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Authors and Affiliations

Authors

Contributions

J.M. purified proteins, did all in vitro reconstitutions, performed FRAP and AFM experiments, performed autophagy experiments (ATG16L1 puncta, membrane binding, LC3B conjugation), generated truncated ATG16L1 variants and prepared samples for PREM (in vitro and in vivo). S.B.M. generated constructs, performed confocal imaging of ATG16L1 plasma membrane targeting, provided samples for in vivo PREM studies and performed CLEM–PREM. C.G.-B. performed TEM and CLEM experiments, including segmentation and quantification. S.V. conceptualized, performed and analyzed all PREM experiments, acquired funding and co-supervised S.B.M. D.C. performed colocalization experiments with ATG14, ATG9 and ULK1 and autophagy-inhibition and siRNA experiments with support from C.N. S.B. generated stable cell lines and performed flux experiments. S.R. performed in vivo characterization of ATG16L1 variants together with J.M. A.S. performed 3D-STORM experiments. E.P. and C.G.B. performed FIB–SEM and serial sectioning TEM experiments. T.W. conceptualized, supervised and administered the study, analyzed data, wrote the paper draft, provided resources and acquired funding. All authors analyzed and discussed the results and revised the paper.

Corresponding authors

Correspondence to Stéphane Vassilopoulos or Thomas Wollert.

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Nature Structural & Molecular Biology thanks Sharon Tooze, Helen Walden and the other, anonymous, reviewer(s) for their contribution to the peer review of this work. Primary Handling Editor: Katarzyna Ciazynska, in collaboration with the Nature Structural & Molecular Biology team. Peer reviewer reports are available.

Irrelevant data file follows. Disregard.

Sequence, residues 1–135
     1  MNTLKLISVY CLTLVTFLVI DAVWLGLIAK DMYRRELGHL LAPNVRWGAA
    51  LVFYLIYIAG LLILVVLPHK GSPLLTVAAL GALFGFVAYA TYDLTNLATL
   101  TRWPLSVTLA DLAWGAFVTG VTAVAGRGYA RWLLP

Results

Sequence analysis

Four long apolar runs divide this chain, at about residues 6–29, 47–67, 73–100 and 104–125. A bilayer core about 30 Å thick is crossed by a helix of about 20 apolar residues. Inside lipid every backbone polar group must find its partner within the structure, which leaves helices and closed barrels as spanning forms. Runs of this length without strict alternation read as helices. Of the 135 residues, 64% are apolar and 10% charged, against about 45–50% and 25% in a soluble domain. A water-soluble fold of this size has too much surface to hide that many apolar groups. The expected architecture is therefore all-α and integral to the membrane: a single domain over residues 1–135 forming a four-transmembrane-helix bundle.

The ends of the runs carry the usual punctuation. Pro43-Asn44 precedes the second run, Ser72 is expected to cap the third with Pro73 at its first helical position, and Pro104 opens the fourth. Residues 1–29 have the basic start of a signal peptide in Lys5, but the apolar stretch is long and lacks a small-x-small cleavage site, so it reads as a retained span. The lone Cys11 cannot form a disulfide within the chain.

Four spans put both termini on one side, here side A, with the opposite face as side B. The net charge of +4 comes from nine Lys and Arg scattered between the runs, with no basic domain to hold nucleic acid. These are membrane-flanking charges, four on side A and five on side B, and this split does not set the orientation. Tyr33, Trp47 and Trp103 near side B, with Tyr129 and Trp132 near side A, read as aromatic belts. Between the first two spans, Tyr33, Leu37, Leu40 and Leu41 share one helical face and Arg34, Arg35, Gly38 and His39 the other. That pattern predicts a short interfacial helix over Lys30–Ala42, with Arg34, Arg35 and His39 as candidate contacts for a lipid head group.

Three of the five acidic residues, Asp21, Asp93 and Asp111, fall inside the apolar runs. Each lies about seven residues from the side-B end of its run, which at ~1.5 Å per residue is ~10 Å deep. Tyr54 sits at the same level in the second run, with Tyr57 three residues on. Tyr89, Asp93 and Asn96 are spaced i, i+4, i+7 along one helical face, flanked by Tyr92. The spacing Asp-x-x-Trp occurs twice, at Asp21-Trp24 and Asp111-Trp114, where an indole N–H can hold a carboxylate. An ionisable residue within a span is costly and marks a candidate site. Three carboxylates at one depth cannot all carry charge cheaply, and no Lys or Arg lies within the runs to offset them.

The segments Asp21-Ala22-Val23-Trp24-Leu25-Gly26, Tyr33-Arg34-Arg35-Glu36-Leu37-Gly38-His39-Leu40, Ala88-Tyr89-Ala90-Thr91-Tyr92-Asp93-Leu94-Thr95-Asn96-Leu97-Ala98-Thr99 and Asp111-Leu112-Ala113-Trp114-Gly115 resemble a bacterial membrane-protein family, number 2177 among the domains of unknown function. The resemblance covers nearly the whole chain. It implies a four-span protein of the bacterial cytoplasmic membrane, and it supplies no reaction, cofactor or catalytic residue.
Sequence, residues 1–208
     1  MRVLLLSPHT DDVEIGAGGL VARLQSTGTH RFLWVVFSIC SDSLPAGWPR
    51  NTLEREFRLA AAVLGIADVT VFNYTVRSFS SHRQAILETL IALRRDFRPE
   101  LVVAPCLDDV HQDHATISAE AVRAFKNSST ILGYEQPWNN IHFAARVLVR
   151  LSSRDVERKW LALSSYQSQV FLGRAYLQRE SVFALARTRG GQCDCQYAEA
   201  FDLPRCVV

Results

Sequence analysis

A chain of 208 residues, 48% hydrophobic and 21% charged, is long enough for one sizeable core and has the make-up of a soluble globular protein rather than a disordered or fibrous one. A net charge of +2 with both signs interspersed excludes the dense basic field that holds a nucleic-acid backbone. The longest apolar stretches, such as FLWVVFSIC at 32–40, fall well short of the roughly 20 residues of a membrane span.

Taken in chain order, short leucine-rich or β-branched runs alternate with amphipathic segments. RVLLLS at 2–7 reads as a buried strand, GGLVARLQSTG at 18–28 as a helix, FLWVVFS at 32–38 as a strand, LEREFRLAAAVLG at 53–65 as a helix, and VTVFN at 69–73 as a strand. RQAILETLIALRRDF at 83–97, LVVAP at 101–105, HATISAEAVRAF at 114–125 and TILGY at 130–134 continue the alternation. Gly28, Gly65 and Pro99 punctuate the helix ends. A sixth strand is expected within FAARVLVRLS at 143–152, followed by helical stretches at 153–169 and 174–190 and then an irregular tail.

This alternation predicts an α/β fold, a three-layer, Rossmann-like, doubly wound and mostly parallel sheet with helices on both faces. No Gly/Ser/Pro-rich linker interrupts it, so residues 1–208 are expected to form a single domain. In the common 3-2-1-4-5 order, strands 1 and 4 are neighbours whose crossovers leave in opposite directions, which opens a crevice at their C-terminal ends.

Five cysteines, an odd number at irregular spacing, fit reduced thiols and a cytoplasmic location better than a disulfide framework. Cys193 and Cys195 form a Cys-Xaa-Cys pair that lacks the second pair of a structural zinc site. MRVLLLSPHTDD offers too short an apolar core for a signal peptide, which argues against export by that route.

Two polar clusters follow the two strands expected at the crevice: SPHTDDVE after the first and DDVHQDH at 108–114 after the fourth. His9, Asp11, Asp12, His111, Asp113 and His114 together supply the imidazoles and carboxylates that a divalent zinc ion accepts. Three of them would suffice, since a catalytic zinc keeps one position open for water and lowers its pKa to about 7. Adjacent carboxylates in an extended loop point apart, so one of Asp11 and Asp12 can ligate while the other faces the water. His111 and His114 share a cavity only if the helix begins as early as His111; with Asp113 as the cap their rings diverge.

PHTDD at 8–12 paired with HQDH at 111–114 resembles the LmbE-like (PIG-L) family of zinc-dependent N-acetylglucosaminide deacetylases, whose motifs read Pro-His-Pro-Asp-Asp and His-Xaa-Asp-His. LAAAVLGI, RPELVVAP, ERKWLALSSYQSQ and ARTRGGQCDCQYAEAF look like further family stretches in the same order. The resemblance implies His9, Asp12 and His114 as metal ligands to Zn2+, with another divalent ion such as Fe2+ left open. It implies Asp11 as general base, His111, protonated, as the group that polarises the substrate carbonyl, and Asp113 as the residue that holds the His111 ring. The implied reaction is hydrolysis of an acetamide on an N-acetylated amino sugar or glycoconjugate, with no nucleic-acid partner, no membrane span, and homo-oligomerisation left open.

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Extended data

Extended Data Fig. 1 Reconstitution of LC3B lipidation in vitro.

(a) SDS-PAGE gel of purified components of the Ub-like conjugation system used for reconstitutions. MW = molecular weight in kDa. (b) SDS-PAGE gel of thioester intermediates between LC3BG120 and the E1-like enzyme ATG7 and the E2-like enzyme ATG3 as indicated. MW = molecular weight in kDa. (c) FRAP experiment of Atto 590 labeled LC3BG120 (yellow) that was conjugated to fluorescently labeled GUVs (red) in the presence of Alexa488 labeled ATG16L1Alexa488 (green). The figure corresponds to Fig. 1f. (d, e) FRAP experiment of LC3BAlexa488 (green) conjugated to GUVs (red) in the presence of ATG16L1FL (d) or ATG16L1NT (e). FRAP images show GUVs before (-1:00), immediately after (0:00) and seven minutes after photobleaching. The fluorescence was bleached in the indicated area (arrowhead). Scale bars = 10 µm. Related to Fig. 1e.

Extended Data Fig. 2 Scaffold formation by LC3B and ATG12–ATG5-ATG16L1.

(a) FRAP experiments of labelled LC3B Alexa488 (green) enzymatically conjugated to a Supported Lipid Bilayer (SLB, stained with Lissamine-rhodamine PE and shown in red) in the presence of ATG12–ATG5-ATG16L1. Confocal images show the SLB directly after photobleaching (upper panel) and 30 min after photobleaching (lower panel). Scale bar = 5 µm. (b) Representative confocal images of GUVs (membrane in red) to which Alexa488 labeled LC3BG120 (green) was enzymatically conjugated in the presence of ATG12–ATG5-ATG16L1 complexes comprising different ATG16L1 variants as indicated. Fluorescence of approximately 10 % of the total membrane area was bleached (area indicated by arrowheads) and images were taken seven minutes after photobleaching. Scale bars = 10µm. (c) AFM height profiles of SLBs to which LC3B was enzymatically conjugated in the presence of ATG12–ATG5-ATG16L1307. The line fitted image was averaged and a Gaussian filter was applied for better visualization. The colors correspond to heights as indicated in the corresponding height scale. The chart shows the line profile taken from the indicated region (white line) of the height profile. The dotted red lines indicate the membrane height (set to zero) and the average protein height used to calculate the thickness of the protein coat. Scale bar = 0.5 µm. Related to Fig. 2. (d) Examples for definitions of rims, premature cups and mature cups from in vitro experiments. Intensity profiles of the grey values in PREM micrographs have been plotted along the cross sections of the structures (indicated by the yellow lines) using ImageJ. The distribution and length of intensity maxima (indicated by red lines) have been used to define rims, premature cups and expanded cups. For details see Methods section. Related to Fig. 3b.